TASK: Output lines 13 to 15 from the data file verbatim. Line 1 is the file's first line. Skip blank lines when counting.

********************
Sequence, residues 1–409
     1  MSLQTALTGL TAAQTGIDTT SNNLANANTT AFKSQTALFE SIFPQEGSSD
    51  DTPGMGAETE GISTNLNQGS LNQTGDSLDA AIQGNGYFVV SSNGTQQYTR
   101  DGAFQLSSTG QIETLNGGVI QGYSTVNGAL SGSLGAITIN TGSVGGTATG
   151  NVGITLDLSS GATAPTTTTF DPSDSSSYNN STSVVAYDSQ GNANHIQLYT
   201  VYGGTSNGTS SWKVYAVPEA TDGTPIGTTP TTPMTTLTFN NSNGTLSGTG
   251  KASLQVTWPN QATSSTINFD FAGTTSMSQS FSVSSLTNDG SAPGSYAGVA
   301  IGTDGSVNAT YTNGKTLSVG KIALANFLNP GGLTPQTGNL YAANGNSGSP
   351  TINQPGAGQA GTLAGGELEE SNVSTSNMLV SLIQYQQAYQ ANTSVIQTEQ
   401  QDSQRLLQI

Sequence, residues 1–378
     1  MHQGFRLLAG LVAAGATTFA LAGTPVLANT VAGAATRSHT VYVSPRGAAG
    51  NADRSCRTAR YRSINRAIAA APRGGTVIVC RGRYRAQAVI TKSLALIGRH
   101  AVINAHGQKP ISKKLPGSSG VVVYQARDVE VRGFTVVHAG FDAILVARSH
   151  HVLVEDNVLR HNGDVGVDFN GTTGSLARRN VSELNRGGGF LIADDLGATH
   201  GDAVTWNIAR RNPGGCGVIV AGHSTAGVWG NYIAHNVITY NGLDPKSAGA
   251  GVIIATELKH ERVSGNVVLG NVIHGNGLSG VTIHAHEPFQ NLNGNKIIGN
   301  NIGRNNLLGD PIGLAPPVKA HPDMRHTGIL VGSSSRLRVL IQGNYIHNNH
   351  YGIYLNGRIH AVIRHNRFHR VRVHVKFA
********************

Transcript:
    51  NADRSCRTAR YRSINRAIAA APRGGTVIVC RGRYRAQAVI TKSLALIGRH
   101  AVINAHGQKP ISKKLPGSSG VVVYQARDVE VRGFTVVHAG FDAILVARSH
   151  HVLVEDNVLR HNGDVGVDFN GTTGSLARRN VSELNRGGGF LIADDLGATH